And such agents documents their efforts with progress log. This log includes all…

== > Incoming tenant inquires (whether from sign calls, LoopNet or web-search, referrals, etc…)

== > Tenants contacts (dedicated agents maintain active tenant lists and promote new listings to those tenants)

== > Tenant rep brokers contacts (dedicated agents cultivate strong relationships with active tenant rep brokers and promote relevant new listings to those brokers)

== > Corporate real estate reps the agent has shared the vacancy with (listings in exceptional locations may interest corporate tenants. And savvy agents have avenues by which to reach corporate real estate reps and promote relevant listings to those reps)

Poor Follow Through

If you’re like many landlords, you’ve probably received a call from a prospective tenant that sounds something like this…

“I left 17 messages for the listing agent, and they haven’t returned any of my calls!? I REALLY want to lease your space! PLEASE CALL ME.”

The “17 messages” claim is likely an exaggeration. And of course, leasing agents have their own tenant vetting process. But a tenant that’s motivated enough to seek out a landlord’s contact info and reach out directly is at least worth a callback.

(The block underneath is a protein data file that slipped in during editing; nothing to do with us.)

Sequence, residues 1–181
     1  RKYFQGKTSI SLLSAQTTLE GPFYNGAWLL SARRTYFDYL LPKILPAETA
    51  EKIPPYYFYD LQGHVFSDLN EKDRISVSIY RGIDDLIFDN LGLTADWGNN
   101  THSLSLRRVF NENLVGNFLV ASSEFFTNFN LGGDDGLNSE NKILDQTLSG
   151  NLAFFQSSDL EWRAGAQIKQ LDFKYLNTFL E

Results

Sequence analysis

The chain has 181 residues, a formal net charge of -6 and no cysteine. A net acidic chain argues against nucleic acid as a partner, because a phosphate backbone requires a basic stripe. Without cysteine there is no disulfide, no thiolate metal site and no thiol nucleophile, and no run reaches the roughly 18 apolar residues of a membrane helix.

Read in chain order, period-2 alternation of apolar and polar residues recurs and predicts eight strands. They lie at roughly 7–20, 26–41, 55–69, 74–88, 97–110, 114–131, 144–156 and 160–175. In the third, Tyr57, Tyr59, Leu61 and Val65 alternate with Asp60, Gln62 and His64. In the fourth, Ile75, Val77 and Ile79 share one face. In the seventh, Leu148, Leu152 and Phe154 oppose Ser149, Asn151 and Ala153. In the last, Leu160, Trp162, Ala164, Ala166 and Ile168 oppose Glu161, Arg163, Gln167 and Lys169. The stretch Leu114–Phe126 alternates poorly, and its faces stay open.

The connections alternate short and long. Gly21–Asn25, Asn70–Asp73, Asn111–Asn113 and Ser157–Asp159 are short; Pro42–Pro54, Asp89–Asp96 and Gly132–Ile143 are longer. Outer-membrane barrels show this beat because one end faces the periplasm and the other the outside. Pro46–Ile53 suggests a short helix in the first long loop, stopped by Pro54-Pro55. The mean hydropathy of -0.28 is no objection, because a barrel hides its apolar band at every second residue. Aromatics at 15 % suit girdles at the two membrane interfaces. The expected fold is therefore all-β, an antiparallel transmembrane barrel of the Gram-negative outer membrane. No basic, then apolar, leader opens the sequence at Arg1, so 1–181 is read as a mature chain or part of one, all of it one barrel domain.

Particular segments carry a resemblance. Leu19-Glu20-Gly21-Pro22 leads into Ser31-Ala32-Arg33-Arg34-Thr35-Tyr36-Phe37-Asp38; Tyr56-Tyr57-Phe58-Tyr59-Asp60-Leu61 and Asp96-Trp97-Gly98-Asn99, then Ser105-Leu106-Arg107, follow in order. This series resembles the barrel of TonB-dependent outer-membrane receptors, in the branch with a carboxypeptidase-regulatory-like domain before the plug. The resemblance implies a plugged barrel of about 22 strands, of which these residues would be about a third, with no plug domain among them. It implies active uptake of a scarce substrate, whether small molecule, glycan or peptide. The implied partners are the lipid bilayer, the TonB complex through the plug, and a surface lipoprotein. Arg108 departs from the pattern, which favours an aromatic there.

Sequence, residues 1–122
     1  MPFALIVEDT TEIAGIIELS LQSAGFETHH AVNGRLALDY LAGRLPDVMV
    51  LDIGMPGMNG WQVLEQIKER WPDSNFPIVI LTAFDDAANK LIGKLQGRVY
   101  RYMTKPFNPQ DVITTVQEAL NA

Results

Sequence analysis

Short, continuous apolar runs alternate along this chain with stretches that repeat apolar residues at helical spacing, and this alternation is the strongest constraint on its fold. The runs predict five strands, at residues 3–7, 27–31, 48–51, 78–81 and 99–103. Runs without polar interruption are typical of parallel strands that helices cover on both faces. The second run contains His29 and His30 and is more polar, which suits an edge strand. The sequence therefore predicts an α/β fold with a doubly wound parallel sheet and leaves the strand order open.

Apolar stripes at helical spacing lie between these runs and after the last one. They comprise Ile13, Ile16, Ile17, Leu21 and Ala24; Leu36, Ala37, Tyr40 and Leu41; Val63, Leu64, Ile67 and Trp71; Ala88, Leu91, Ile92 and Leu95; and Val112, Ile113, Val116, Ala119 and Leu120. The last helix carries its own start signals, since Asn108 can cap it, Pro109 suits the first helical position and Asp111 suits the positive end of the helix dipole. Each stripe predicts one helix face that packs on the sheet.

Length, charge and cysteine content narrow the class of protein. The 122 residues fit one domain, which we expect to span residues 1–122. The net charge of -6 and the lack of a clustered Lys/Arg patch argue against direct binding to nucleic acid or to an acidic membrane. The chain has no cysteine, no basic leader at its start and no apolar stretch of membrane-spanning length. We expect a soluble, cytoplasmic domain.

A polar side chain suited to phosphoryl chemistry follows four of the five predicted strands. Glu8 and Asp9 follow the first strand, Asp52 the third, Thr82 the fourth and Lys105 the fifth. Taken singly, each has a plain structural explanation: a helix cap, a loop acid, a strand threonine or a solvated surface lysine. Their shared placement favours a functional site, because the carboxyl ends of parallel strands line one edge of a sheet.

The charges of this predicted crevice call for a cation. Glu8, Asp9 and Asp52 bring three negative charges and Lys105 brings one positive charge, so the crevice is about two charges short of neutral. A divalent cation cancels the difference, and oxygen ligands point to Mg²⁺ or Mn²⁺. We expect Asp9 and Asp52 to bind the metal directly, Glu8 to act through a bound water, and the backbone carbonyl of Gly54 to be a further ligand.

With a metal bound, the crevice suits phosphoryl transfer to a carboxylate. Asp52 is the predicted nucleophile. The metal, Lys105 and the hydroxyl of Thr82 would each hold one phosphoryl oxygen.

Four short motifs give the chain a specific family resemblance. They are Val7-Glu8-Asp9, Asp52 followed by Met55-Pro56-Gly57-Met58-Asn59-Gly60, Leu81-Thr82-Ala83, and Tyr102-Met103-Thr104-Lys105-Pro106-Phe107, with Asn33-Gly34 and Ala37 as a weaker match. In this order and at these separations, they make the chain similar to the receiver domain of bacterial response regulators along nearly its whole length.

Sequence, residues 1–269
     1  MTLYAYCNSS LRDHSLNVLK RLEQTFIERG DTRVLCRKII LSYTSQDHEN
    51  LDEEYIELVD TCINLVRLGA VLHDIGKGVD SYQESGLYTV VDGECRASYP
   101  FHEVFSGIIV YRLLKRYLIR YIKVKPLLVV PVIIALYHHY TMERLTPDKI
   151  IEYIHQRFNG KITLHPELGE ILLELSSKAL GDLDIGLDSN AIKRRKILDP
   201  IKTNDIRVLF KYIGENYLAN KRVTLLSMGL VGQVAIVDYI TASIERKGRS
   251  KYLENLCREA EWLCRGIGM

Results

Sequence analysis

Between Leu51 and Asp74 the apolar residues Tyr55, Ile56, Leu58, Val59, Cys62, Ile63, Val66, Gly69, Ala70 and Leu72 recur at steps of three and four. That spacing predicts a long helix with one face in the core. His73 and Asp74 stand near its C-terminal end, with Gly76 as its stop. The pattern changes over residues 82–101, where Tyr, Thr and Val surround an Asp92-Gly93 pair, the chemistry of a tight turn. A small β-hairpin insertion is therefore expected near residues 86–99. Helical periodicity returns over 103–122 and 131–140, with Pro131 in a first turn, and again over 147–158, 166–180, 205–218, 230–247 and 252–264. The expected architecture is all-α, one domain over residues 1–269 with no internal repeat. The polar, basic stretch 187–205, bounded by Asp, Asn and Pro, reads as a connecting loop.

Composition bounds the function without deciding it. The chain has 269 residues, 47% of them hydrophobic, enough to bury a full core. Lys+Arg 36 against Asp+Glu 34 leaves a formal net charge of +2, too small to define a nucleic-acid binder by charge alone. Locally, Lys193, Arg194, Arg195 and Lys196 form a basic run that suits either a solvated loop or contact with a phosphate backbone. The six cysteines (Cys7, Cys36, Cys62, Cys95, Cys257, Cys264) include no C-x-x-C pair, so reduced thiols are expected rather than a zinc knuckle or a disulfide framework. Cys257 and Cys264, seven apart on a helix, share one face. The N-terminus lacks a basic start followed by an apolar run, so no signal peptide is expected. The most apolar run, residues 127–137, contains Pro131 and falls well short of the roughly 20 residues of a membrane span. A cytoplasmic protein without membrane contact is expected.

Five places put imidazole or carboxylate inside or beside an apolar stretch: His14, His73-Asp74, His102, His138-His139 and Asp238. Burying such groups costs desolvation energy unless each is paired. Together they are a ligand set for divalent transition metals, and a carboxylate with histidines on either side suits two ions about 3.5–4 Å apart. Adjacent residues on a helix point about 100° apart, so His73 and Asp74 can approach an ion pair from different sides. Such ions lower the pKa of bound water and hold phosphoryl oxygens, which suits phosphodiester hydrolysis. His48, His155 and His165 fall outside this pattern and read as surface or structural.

Never mind that your agent should follow up on all tenant inquiries. And report the outcome to you, whether the lead pans out or not.

Need Some New Blood to Lease Your Shopping Center?

If, in addition to lingering vacancy, the other points outlined above resonate with you, it may be time to consider bringing in some “new blood” to lease your shopping center.

And if you’re in the market for new leasing services, CBM can help! Since 1987, we’ve served hundreds of landlord’s, leasing thousands of retail spaces throughout Southern California.

For more information, visit cbm1.com/services.


Broad Yet Subtle CRE Changes Coming Through Tax Reform

By Globe St. December 27, 2017

“The new tax law is generally benign for commercial real estate, but there are many nuances that will affect investor’s real estate and their after-tax returns,” says John Chang.

CALABASAS, CA—The passage of the long-anticipated tax reform legislation will take effect next year, leading many investors to the arduous task of recalibrating their strategies and assessing how the changes will affect their assets. As John Chang, first VP of research services for Marcus & Millichap, explains, “The new tax law is generally benign for the commercial real estate sector, but there are many nuances that will affect real estate and the after-tax returns of investors.”

Before considering some of the specific provisions, it is worth noting that the simple act of passing tax reform legislation itself could significantly benefit the sector. The clarity on tax reform will reduce the uncertainty that has weighed on the marketplace. As Chang states in a Special Report issued by the company, commercial real estate investors who may have been hesitant to move previously, will now have a much better understanding of the investment real estate landscape and can formulate a plan under the new rules.